solenoid synchro?

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Eric Hertz 04/26/2018 at 20:270 Comments

Still trying to figure out what would happen with the AC-driven unipolar stepper arrangement of the last log... came up with this plausible solenoid-synchro using permanent magnets:

If this works as I imagine, it's very different from merely connecting the two solenoids in parallel, and not connecting an external power source.

In That case, an external force moving the 'sensor' solenoid's magnet only induces a current when the magnet is moved. When stationary, no current flows, thus, it's entirely possible to have the two magnets in entirely different starting positions.

Also, the current induced by a small/slow movement would be far too weak to overcome external forces like friction and inertia.

With the AC-driven arrangement, the frequency must be much higher than can actually cause motion... But, if it works as I imagine, the effect of a stationary permanent magnet on a single winding should be a net DC bias.

Connecting two windings in parallel, then, would tend to cause both magnets to position themselves similarly so the DC bias on each path matches.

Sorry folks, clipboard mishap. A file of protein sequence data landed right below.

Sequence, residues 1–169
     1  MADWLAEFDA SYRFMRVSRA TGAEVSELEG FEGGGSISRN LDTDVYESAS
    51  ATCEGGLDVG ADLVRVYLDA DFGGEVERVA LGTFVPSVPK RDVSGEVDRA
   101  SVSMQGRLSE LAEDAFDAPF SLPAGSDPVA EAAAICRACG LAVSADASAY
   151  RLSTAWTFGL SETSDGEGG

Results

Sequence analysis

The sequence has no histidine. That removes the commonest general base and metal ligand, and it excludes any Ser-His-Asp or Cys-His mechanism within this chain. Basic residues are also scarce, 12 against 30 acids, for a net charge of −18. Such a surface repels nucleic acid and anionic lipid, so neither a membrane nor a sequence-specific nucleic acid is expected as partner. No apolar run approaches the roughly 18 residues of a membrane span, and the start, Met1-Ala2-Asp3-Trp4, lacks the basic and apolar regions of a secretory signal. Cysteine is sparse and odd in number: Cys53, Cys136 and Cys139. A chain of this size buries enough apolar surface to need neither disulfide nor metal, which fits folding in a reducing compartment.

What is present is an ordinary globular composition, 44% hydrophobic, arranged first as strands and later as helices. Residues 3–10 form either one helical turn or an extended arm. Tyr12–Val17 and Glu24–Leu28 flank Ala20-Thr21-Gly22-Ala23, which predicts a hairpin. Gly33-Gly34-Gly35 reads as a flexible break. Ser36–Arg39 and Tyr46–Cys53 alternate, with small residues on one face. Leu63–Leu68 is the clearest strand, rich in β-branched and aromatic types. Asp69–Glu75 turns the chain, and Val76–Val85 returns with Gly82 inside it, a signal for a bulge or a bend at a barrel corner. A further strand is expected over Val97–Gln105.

This, then, would synchronise the two magnets even if they have differing starting-positions.

Lots of weird effects to consider: eddy currents, ferrous vs air-core, saturation... Then some other interesting ponderances: A larger AC voltage would give a larger DC offset... intriguing. And what if the two coils were in series, instead? (More like the stepper-scenario of the last post... and more like the synchro diagram from Al W.... and making me ponder Y vs Delta configurations for synchros).

Surely not at all efficient, but something, anyhow.

Some reading material with basically the conclusion that it depends heavily on the characteristics of the solenoid and magnets:

https://electronics.stackexchange.com/questions/276988/what-effect-does-permanent-magnet-have-on-an-air-core-coil

https://electronics.stackexchange.com/questions/242082/how-does-inductance-change-with-presence-of-different-directional-magnetic-field